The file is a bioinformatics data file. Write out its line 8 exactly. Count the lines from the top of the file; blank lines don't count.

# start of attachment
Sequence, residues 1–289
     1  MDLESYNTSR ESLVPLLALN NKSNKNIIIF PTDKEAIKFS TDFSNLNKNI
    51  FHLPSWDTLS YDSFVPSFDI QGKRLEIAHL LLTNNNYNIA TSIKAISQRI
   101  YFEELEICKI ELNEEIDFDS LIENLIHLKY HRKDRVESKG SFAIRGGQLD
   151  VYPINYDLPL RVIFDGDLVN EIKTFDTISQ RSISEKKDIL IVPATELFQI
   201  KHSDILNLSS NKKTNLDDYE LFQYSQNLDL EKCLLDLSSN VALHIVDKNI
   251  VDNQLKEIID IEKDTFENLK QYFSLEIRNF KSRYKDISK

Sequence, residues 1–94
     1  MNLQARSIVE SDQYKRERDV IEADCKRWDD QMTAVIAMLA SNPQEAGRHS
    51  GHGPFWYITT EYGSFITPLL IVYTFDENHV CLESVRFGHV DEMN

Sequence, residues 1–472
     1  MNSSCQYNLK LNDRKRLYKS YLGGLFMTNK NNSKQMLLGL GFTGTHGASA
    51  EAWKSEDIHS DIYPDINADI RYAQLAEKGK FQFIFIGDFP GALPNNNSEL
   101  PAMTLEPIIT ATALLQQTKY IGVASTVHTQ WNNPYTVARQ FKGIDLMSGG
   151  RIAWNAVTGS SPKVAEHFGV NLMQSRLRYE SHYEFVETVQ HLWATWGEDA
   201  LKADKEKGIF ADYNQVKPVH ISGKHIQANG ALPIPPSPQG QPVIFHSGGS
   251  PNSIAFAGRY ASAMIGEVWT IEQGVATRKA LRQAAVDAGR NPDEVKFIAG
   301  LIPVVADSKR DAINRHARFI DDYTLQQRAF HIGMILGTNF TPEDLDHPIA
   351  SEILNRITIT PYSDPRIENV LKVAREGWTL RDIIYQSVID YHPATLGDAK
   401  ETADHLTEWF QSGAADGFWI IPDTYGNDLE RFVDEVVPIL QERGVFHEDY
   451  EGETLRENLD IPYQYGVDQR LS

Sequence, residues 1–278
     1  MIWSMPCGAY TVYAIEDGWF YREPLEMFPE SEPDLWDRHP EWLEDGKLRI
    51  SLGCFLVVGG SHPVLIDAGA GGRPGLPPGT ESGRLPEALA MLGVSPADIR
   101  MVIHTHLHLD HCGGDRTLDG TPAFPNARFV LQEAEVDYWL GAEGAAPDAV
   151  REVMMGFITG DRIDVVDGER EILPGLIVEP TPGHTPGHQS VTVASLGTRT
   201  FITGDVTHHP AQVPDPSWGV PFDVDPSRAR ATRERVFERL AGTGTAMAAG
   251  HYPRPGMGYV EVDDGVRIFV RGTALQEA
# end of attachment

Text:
Sequence, residues 1–94